18 Sep Setting Sail: Tales of an Academic Nomad
Travelling – it leaves you speechless, then turns you into a storyteller.
From its vantage point atop the Kasbah in Tangier, Morocco, the Ibn Battuta museum overlooks the meeting point of the Atlantic Ocean and the Mediterranean Sea—a vista coloured by myriad beginnings and a few endings as well. More of a memorial than a museum, the site commemorates the legendary journeys of a scholar whose travels kindled cross-cultural and arguably inter-civilisational dialogues.
Though trained as a jurist and later serving as a judge, Abu Abdullah Muhammad Ibn Battuta is best known for the odysseys he undertook. Over three decades, he mapped vast expanses of the African and Asian continents, clocking tens of thousands of miles by boat, camel, and on foot. His focus: to cultivate a profound understanding of the juridical sciences. His quests blurred geographic and cultural lines as he pursued intellectual exchanges with peoples interspersed across a variety of juristic traditions. While these exchanges began firmly within the realm of Islamic law, they widened both in theory and tradition as he trekked further. Amongst the peoples he encountered, Ibn Battuta was not just recognised but revered, personifying the twin flames of exploration and kinship that have enriched African and Asian interchanges for centuries. The museum is a tribute to these voyages, mesmerising visitors with his legacy of exploration and, for the legally-minded, his pioneering juridical insights.
Yet, amidst the museum’s tapestry of history, there exists a void—a bridge to be built between yesteryears and today. Limited to stories from the 14th century CE and thereabouts, visitors are regaled with a powerful historical record, albeit one that impresses rather than inspires. When leaving the museum, guests can be forgiven for perceiving his achievements as a historic tour de force, to be admired from afar through maps and artefacts. While deliberate in curation, this omission in the exhibition feels like a lessening of the scholar’s legacy.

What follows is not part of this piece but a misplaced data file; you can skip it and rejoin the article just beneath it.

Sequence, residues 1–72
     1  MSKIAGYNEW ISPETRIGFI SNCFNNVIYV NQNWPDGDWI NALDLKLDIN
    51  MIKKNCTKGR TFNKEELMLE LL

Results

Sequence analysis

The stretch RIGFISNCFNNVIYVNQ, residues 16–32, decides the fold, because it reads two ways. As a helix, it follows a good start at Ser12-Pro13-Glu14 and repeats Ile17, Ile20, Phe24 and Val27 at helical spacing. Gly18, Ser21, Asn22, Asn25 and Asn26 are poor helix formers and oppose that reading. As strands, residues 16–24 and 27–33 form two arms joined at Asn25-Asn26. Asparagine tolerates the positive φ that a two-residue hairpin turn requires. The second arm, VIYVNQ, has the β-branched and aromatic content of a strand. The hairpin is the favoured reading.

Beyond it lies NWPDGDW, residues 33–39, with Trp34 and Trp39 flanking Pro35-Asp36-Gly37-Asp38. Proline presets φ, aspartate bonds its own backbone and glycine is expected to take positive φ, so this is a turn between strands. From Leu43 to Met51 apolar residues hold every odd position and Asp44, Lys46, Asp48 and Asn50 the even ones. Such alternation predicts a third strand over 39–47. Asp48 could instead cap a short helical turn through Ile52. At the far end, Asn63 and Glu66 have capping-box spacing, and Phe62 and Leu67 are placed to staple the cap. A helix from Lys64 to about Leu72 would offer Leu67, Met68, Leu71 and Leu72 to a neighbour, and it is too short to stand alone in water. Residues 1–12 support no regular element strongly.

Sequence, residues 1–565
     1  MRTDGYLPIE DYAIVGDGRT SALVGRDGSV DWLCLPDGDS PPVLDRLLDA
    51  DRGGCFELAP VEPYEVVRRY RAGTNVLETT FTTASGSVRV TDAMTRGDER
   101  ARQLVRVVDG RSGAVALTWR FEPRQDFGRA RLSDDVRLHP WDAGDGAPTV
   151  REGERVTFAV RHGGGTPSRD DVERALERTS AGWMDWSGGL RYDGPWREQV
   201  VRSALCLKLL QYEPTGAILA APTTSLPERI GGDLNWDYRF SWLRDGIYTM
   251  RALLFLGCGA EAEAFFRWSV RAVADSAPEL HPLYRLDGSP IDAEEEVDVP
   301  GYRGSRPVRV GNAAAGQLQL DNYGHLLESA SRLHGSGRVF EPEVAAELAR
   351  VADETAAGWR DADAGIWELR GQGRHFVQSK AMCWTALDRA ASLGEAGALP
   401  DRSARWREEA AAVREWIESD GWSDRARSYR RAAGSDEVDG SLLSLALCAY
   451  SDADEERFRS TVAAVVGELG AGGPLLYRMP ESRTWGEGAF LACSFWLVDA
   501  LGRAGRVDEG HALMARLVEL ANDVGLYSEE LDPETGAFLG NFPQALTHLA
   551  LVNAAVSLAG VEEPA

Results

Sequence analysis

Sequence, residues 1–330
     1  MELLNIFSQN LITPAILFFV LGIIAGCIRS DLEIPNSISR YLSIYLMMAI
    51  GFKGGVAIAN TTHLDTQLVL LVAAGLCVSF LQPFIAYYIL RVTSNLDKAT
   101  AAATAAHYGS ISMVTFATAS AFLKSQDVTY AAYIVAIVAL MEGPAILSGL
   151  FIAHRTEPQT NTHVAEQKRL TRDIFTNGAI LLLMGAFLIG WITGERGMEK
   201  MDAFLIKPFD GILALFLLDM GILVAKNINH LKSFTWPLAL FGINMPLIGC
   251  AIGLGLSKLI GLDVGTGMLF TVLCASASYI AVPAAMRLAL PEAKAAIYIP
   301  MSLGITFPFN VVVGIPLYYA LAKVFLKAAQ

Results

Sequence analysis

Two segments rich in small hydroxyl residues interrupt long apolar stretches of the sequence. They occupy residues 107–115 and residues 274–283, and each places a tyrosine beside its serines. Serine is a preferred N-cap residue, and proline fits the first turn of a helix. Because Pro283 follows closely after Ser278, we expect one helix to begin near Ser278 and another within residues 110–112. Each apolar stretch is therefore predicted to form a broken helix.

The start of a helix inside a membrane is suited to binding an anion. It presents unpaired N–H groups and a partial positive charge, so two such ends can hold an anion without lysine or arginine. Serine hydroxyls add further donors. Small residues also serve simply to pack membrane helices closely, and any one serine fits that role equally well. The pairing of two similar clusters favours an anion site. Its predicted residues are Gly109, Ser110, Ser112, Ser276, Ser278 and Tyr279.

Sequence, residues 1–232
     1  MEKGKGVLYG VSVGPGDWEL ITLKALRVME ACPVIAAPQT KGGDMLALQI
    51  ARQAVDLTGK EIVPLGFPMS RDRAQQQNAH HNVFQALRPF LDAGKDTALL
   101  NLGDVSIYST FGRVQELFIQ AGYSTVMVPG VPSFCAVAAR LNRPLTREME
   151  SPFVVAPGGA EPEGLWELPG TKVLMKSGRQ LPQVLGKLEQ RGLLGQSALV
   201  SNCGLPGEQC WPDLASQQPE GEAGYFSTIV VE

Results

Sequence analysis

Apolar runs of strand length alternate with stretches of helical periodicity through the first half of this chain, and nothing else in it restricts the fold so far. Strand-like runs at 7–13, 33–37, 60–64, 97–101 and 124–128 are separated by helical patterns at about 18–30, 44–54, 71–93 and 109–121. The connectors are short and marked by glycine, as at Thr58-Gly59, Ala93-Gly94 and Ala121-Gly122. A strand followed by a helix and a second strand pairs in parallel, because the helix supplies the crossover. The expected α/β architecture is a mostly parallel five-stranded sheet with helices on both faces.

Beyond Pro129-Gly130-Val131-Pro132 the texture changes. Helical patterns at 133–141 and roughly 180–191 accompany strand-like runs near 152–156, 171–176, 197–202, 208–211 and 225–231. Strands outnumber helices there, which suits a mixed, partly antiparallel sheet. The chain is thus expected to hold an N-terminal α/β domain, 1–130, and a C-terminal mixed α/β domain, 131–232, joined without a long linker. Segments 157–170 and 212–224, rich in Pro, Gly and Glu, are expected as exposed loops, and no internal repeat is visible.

To me, Ibn Battuta’s magnum opus, “A Masterpiece to Those Who Contemplate the Wonders of Cities and the Marvels of Travelling,” is more than just a travel diary. He produced a philosophical guide—a template for a cooperative and culturally aware approach to research, one of particular relevance for the practice and teleology of international law. Ibn Battuta’s approach to learning, fostered through open-minded exploration and immersive experiences in diverse cultures, encourages a rich understanding of interconnected traditions and shared human experiences. It is more of an ethos about the nature of knowledge and discovery that positions itself as a counter-narrative to paradigms rooted in chauvinism and epistemic violence, and one that fellow (legal) scholars might wish to emulate.